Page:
All in phenological good time


Nature’s process sets the pace

By Michael Cope - Special to The Times



Courtesy photo Piedmont Physic Garden Founder Toccoa Switzer (center) poses for a picture with Michael Cope and Hannah Spencer, two Clemson students who are working as summer interns at the garden. Cope is the author of the article accompanying this photo.


UNION — Timing is everything, in life, and definitely in all things related to nature. In scientific terms, it’s called phenology, the study of the timing of recurring biological processes and events. Think of it as nature’s calendar.

Events like hibernation, bird migration, flowering, spring green-up, fruiting, and the color change and dropping of leaves in the fall are part of phenology.

Farmers have tracked phenological activity all over the world since before recorded history. This knowledge has historically served as a calendar that guided planting times for crops. In recent decades, phenology has gained attention in the scientific community as a means to understand how plants and animals respond to environmental change.

Monitoring those patterns helps us better understand how seasonal patterns are changing and helps us make predictions for the future. For instance, many birds time their nesting so that eggs hatch when insects are available to feed their young.

Humans know that allergy season begins with flowering season, and farmers need to know the cycle of insect development and apply pesticides and fertilizers accordingly. It’s all in the timing, or in this case, the phenological process.

Although much research focuses on the phenology of mammals, birds, and insects, leaf and flowering phenology are widely studied because of their importance in ecological processes, biological diversity conservation, tourism, and agriculture. Phenology plays an important role in human culture as well, with festivals around the world celebrating annual events from whale migrations to cherry blossoms.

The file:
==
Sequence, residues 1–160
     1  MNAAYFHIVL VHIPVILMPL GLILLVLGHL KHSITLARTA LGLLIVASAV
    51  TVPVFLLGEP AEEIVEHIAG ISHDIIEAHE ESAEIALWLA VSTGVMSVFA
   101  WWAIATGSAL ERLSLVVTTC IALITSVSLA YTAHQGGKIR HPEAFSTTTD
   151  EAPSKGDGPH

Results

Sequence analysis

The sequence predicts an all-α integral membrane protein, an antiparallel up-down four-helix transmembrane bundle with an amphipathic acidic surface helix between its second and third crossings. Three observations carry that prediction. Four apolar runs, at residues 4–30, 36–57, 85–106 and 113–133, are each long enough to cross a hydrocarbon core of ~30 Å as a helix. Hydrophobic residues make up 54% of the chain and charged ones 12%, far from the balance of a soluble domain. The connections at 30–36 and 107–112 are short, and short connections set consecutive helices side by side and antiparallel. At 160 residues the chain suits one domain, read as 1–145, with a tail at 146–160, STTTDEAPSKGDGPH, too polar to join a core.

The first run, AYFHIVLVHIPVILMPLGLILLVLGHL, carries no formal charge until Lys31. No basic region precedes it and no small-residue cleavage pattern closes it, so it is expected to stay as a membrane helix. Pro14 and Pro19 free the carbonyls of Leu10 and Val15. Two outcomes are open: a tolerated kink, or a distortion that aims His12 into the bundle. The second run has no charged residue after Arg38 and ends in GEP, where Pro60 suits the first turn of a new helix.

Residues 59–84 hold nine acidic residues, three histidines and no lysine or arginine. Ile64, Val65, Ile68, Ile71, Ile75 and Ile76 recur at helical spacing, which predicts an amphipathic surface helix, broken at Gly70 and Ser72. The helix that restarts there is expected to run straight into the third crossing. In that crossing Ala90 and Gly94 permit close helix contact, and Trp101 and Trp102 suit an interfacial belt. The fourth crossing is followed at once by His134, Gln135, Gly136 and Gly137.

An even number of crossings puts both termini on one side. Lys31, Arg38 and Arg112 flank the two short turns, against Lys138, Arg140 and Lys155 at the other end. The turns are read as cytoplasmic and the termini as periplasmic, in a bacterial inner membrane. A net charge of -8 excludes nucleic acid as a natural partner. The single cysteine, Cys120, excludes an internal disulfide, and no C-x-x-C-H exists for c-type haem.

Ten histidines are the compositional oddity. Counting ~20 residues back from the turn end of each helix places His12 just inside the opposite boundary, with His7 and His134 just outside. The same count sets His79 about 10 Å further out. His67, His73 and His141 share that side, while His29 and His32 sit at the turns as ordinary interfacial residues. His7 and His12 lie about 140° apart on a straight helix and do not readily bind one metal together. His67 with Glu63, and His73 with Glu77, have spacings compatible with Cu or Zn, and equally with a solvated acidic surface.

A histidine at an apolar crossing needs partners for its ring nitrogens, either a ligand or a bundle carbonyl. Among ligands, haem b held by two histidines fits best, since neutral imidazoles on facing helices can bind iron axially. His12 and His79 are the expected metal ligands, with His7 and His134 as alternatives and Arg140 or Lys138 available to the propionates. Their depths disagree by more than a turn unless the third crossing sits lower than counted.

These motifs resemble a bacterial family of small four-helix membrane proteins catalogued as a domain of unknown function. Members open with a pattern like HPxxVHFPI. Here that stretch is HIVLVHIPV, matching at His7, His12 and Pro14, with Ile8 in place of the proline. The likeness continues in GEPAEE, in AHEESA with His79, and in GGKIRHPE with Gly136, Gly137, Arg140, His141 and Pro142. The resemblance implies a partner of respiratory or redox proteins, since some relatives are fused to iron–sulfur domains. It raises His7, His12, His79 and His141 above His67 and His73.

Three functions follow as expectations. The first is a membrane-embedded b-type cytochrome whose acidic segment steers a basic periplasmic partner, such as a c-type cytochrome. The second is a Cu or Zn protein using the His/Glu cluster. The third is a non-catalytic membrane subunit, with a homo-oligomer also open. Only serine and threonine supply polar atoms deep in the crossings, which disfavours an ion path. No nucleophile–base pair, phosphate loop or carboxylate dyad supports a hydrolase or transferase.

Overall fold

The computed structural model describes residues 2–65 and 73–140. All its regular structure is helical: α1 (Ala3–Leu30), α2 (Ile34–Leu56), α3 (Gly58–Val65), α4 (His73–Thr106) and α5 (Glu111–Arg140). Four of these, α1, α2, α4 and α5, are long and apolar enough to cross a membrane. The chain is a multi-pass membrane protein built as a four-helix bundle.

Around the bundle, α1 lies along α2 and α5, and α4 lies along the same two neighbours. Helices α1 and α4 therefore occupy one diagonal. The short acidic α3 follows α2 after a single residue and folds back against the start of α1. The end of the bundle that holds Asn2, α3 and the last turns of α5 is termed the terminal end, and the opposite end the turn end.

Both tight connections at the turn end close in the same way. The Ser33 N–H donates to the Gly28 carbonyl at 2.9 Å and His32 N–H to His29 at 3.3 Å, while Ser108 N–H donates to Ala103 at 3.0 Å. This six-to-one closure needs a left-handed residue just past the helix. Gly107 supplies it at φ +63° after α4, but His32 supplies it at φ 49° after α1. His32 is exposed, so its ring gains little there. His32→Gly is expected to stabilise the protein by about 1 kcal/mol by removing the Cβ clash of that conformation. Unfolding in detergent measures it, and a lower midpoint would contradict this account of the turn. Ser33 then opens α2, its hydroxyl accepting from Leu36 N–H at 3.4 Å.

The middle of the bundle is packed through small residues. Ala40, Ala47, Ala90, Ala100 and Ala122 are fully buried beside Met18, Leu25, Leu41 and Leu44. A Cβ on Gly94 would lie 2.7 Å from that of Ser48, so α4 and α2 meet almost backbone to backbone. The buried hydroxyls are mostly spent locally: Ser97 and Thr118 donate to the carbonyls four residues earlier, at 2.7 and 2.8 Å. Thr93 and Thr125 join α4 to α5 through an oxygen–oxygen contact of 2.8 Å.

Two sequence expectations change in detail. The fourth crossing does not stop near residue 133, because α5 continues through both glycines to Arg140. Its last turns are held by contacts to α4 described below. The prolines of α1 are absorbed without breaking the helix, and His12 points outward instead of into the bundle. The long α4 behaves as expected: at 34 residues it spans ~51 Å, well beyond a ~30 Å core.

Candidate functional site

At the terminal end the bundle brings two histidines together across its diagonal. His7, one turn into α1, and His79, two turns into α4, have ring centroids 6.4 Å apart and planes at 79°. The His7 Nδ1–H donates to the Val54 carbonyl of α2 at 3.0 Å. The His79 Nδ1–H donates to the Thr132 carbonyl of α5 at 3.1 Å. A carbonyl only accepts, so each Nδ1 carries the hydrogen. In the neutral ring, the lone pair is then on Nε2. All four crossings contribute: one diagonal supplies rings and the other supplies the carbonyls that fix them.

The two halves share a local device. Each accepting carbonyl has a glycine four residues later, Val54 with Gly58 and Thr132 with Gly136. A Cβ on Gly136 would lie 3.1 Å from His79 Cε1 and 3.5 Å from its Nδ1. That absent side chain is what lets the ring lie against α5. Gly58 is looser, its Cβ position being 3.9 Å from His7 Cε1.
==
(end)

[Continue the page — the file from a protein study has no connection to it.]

Numerous government-sponsored observational networks constantly collect leaf and flowering phenology data. Flowering observations are made in plots or gardens year after year.

Changes in spring green-up and autumn leaf-fall are much more difficult to study scientists often rely on aerial photography from satellites and airplanes to study leaf phenology of trees. The timing of the plant life cycle is directly affected by temperature, rainfall and day length.

Using advanced computing systems scientists analyze the red-blue-green wavelengths reflecting from a forest canopy. This helps us understand the photosynthetic capacity of the tree canopy over large scales.

Though the overall complexity of phenology may be more than any single human mind can process, phenology research has yielded important information for sustainable development and agriculture.

Nature will continue to provide many answers and phenological research will continue to offer a deep understanding of nature’s rhythms, all in good time.

Michael Cope is an intern at the Piedmont Physic Garden and is a second-year Ph.D student at Clemson University involved with several research projects in spatial and computational ecology, specializing in geospatial analyses using advanced geographic information systems (GIS).

Courtesy photo Piedmont Physic Garden Founder Toccoa Switzer (center) poses for a picture with Michael Cope and Hannah Spencer, two Clemson students who are working as summer interns at the garden. Cope is the author of the article accompanying this photo.
http://uniondailytimes.com/wp-content/uploads/2016/08/web1_thumbnail_IMG_3622.jpgCourtesy photo Piedmont Physic Garden Founder Toccoa Switzer (center) poses for a picture with Michael Cope and Hannah Spencer, two Clemson students who are working as summer interns at the garden. Cope is the author of the article accompanying this photo.
Nature’s process sets the pace

By Michael Cope

Special to The Times

Michael Cope is an intern at the Piedmont Physic Garden and is a second-year Ph.D student at Clemson University involved with several research projects in spatial and computational ecology, specializing in geospatial analyses using advanced geographic information systems (GIS).

Michael Cope is an intern at the Piedmont Physic Garden and is a second-year Ph.D student at Clemson University involved with several research projects in spatial and computational ecology, specializing in geospatial analyses using advanced geographic information systems (GIS).

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